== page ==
EPA Sets Final Rules on Uses of HCFCs
The U.S. Environmental Protection Agency on Dec. 11 announced
two final rules that will further cut ozone-depleting pollutants, protecting the Earth’s ozone layer and reducing harmful greenhouse gases.
The rules reduce the availability and use of hydrochlorofluorocarbons (HCFCs), which are primarily used as refrigerants and harm the ozone layer. A diminished ozone layer allows more radiation to reach Earth’s surface, leading to skin cancer, cataracts, and weakened immune systems.
The first rule prohibits the use of specific HCFCs to manufacture new air-conditioning and refrigeration equipment beginning in 2010, while allowing limited HCFC use to service existing equipment. The second rule prohibits the sale, distribution, and import of air-conditioning and refrigeration appliances and their components containing certain HCFCs that are manufactured or imported after Jan. 1, 2010. The rulemakings protect the ozone layer by decreasing the availability of these compounds as well as the demand for newly produced equipment containing HCFCs.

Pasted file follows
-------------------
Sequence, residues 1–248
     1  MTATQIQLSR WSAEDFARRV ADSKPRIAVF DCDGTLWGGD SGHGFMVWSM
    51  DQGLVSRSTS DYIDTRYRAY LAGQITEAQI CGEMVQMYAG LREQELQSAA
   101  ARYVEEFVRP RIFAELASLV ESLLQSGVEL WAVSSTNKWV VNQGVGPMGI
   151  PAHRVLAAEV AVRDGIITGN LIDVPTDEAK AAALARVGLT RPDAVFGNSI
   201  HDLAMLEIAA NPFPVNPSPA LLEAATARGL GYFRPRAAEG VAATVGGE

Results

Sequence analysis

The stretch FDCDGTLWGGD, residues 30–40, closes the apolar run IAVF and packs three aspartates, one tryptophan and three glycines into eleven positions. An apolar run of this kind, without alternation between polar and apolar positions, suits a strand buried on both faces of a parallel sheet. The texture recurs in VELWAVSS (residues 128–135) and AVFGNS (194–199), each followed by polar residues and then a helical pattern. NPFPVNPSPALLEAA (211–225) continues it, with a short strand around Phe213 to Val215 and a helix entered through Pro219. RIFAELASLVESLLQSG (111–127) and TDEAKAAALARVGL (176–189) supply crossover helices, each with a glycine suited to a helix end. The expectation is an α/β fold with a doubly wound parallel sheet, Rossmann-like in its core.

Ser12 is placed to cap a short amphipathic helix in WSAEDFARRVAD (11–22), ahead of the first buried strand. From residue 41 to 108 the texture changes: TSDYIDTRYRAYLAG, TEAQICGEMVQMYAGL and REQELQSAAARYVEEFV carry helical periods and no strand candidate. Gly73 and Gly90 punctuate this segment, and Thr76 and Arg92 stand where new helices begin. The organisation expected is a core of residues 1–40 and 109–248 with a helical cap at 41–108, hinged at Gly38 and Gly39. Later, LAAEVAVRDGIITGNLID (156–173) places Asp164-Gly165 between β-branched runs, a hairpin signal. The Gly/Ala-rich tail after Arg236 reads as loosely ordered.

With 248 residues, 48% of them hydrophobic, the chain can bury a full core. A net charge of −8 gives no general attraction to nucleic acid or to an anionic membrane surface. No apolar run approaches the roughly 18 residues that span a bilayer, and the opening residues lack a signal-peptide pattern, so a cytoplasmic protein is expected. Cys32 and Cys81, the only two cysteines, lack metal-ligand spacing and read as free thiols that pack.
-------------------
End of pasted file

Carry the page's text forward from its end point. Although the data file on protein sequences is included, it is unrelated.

These rules advance U.S. compliance under the Clean Air Act and the Montreal Protocol on Substances that Deplete the Ozone Layer.